If you have friends who can do shopping for you, consider getting an app that you can put items on as you need them and that they can see too – the OurGroceries app can be logged into by multiple people. If you do not have someone to support you, a welfare guide can be arranged for you. There has been a COVID-19 Welfare phone line set up –  0800 512 337.

As you will all be confined to the property, if you have animals or pets that require care off the property (eg feeding horses or walking active dogs), take some time to find someone in advance who can help. It is deemed a low possibility that a dog can transmit the omicron variant via their fur – good hand hygiene and mask-wearing from the dog walker is encouraged though and they might like to use their own lead.

You can find out more about what you can expect when self-isolating at home here.


The usual hygiene practices such as hand washing, coughing or sneezing into your arm, and avoiding touching your face remain important, along with regular cleaning of commonly touched surfaces such as door handles and the toilet flushing button. Use an antiviral disinfectant where possible.

Provide bins or bags for used tissues to be disposed of safely, and if the COVID-19 positive person is able, ask them to remove all the rubbish from their room themselves.

The COVID-19 positive person should always wear a mask if they come out of their room  – and you should all try to keep two metres apart at all times. If they use a family bathroom make sure the window is left wide open afterwards, keep the door shut and discourage anyone else from using it for up to an hour if possible.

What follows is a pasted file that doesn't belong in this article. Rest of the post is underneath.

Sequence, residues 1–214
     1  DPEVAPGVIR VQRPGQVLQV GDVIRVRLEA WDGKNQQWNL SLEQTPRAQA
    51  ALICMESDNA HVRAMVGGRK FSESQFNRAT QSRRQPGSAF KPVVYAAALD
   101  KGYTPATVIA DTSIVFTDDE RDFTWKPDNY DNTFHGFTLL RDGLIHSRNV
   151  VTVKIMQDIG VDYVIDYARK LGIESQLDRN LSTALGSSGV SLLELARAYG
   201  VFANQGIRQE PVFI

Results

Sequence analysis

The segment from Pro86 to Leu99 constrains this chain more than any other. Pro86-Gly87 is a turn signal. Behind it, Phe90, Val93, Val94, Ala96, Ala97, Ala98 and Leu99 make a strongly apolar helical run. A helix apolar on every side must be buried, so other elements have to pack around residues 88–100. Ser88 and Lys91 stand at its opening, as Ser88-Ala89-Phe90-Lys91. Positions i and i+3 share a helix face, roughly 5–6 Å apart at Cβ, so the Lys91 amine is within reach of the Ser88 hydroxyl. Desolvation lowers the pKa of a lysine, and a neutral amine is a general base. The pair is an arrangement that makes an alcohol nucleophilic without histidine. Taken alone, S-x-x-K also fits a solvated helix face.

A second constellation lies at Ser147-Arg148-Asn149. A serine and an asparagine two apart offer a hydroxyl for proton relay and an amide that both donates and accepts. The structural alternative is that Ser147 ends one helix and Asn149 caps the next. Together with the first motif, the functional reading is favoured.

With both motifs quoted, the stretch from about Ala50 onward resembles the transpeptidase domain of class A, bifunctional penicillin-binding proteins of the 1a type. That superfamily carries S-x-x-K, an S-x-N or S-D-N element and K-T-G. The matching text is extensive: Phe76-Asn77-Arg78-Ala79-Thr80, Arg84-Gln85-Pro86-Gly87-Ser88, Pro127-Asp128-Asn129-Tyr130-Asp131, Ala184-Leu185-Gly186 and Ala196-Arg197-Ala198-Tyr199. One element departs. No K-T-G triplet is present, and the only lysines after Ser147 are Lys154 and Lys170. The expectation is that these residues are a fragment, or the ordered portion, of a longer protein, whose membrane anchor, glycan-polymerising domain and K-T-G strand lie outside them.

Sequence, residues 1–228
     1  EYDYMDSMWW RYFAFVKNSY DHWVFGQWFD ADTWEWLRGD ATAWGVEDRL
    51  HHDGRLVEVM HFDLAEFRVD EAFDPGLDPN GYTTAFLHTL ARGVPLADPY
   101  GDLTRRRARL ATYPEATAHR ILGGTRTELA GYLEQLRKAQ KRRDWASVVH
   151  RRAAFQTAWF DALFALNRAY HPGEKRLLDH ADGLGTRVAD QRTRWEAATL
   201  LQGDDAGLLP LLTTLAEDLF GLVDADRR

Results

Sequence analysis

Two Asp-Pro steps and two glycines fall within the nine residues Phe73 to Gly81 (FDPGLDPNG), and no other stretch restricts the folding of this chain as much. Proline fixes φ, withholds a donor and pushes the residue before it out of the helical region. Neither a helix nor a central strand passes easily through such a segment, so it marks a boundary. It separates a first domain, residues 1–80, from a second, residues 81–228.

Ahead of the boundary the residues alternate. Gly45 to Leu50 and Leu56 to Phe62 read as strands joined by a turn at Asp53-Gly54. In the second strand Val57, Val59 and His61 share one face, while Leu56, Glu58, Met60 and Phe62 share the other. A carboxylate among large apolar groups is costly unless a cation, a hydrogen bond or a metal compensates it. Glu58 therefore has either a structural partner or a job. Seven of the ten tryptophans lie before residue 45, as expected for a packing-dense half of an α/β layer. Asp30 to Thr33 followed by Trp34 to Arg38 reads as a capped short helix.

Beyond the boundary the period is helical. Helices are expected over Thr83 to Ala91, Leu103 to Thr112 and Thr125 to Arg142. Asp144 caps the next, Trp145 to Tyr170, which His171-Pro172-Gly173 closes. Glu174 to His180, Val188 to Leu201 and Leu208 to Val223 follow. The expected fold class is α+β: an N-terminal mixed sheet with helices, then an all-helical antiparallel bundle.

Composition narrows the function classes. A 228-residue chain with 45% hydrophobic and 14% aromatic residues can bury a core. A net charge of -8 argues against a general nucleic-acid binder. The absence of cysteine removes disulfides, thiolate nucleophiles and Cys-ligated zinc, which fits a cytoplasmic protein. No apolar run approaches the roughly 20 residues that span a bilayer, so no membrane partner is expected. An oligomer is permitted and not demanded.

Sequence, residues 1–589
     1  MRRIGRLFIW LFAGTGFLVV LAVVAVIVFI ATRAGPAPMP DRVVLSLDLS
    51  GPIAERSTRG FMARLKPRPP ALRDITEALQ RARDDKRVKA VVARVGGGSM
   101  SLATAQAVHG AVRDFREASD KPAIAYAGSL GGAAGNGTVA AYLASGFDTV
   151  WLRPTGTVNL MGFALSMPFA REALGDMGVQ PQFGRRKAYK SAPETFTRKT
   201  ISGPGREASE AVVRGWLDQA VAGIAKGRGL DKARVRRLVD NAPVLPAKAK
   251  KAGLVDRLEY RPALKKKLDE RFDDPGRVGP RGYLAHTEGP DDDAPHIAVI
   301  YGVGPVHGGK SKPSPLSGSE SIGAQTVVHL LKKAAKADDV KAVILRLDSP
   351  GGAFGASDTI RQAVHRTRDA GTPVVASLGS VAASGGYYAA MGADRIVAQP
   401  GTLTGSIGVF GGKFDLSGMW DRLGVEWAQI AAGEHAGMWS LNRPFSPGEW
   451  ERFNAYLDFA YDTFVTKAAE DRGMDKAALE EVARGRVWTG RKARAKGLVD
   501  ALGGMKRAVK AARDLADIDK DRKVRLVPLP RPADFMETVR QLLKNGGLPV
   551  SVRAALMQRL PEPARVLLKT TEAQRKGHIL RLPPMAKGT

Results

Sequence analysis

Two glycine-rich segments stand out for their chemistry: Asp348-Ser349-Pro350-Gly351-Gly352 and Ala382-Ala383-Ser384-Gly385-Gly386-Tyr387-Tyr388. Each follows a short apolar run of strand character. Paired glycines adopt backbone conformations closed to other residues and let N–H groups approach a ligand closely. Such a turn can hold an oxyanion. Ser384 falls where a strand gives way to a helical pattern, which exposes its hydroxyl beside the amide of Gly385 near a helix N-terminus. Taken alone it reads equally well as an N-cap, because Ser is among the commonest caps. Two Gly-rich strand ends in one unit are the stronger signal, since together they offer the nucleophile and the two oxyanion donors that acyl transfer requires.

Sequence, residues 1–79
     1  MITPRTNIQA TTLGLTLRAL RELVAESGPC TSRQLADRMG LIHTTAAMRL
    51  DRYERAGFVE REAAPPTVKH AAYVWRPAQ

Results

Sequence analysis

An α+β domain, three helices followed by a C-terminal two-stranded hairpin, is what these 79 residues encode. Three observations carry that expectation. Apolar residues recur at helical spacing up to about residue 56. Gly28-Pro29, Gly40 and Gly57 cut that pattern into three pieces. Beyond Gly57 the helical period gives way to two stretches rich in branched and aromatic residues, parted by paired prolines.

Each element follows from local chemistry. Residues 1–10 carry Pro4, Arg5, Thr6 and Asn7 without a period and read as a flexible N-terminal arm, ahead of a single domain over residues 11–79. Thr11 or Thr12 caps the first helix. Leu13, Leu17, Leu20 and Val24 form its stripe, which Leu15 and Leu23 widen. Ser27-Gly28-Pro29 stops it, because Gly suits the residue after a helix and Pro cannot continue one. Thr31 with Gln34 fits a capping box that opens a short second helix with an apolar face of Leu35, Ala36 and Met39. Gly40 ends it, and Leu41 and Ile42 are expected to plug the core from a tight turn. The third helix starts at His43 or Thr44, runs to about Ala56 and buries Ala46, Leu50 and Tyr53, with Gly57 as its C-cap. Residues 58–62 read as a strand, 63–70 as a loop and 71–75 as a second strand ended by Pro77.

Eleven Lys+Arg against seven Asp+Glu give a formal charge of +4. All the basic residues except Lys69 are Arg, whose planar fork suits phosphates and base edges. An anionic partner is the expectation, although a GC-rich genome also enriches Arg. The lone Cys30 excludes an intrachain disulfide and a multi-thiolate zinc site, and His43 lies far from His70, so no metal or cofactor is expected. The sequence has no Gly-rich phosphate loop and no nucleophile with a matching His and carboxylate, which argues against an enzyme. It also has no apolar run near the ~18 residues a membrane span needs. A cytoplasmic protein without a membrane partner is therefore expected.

Keep the windows in the house open but equally, try to block the airflow from the unwell person’s room into the rest of the house. If you can, put a fan in their room blowing the air out the open window combined with a towel (or similar) placed along the bottom of the door that goes into the house.


Keep up the communication both within your household and with other family and friends. especially if you are the only adult in your house.

Ensure your children know how to call emergency services if necessary.

Write down any household instructions someone else could easily follow if you get sick and have to go into managed isolation or hospital. Cover things like feeding pets, paying bills and watering plants. Also, note down who can be contacted to help with the children.

Let unplanned visitors to the house know that you are self-isolating with a note on the door – you can download a poster here.

For the latest official advice, check

Do you have some tips you can share with us for planning for at home isolation?

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author robynWritten by Robyn Cody

Robyn creates content on Kidspot NZ. Her hobbies include buying cleaning products and wondering why things don’t then clean themselves, eating cheese scones with her friends, and taking her kids to appointments. 

Favourite motto to live by: “This too will pass”

Medical Disclaimer: As per our T&Cs, we make every effort to ensure the information we provide is accurate and update, but the information contained in this website is not intended and must not be taken to be the provision or practise of medical advice or services nor a substitute for medical advice, diagnosis or treatment. If you have questions, concerns about your health or treatment or would like more information, contact your doctor. Always see your doctor or another qualified health professional before starting or changing any treatment.